All the planets in the solar system orbit the Sun roughly in the same plane. That means that from the side, the orbits of the planets would all be very close to falling on the same line. Since we orbit the Sun on the Earth, we’re on that line, too.
As it happens, Jupiter’s poles are almost perfectly perpendicular to the line. In other words, its equator lines up with the plane of the solar system… and its big moons also orbit the planet right above the equator.
All this together means that when we look at Jupiter, the moons appear to orbit the giant planet on a line, too. They swing back and forth, moving "left to right" and "right to left" over time. In fact, if you watch Jupiter for long enough you’ll certainly see a moon pass directly over the planet’s face, and sometimes you can see the moon’s shadow as well. It’s very cool.
It’s much less common to catch the shadow of one moon falling on another; the moons are small and it’s a rare thing to see such an event. But amateur astronomer Christopher Go caught exactly that on August 16, 2009: the shadow of the moon Io going right over the moon Ganymede.
That. Is. So. Cool.
You can see the shadow of Io (which is roughly the size of our own Moon) pass over Ganymede (as big as Mercury!), then Io itself pass directly between us and the giant moon. Not only that, but take a closer look at Ganymede: you can see surface features! That’s truly astonishing. I can almost swear I see similar features on Io, but the distortions due to Earth’s atmosphere on the image make that a very difficult thing to be certain about.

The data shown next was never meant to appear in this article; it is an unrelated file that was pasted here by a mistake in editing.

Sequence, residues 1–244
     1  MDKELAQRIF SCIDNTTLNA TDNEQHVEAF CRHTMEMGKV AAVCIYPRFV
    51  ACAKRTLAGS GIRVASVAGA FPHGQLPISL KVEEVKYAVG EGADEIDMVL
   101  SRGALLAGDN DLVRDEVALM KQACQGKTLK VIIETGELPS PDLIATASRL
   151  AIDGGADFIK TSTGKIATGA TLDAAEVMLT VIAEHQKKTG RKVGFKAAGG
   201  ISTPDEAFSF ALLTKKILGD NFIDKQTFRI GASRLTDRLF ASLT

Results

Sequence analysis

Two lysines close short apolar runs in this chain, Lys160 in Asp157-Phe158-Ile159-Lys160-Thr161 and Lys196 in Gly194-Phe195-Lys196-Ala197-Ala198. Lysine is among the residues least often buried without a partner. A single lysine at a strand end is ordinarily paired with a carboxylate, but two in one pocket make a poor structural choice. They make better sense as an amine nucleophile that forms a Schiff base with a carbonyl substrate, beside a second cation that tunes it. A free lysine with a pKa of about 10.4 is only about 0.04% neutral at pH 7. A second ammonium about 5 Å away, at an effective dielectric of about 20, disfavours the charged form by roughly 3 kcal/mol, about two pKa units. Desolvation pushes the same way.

I find it amazing that we can see things like this. Imagine! Christopher had software that was so accurate in its mathematical and physical modeling of the solar system that it could predict this transit. He had a telescope and a digital camera powerful enough to record it. And, of course, we have the intertoobz which allows you to see it.
In my line of work (y’know, truth promotion) I hear from people who think science is all guesswork. "Yeah, but how do you know?" they ask. The answer is: math. And physics. And chemistry and optics and engineering and Kepler and Newton and Einstein. We know because we test our assumptions, and if they don’t hold up they’re gone. We keep the good stuff, the stuff that’s proven itself. And eventually we get models that are so good they can predict when and where two objects hundreds of millions of kilometers away pass in front of each other.
Yeah. That’s how we know.
Man. I love this stuff.
Links to this Post
- Lousy Canuck » Random Science Stuff in my Tabs | August 21, 2009
- Two moons, circling « Xenophilia (True Strange Stuff) | August 24, 2009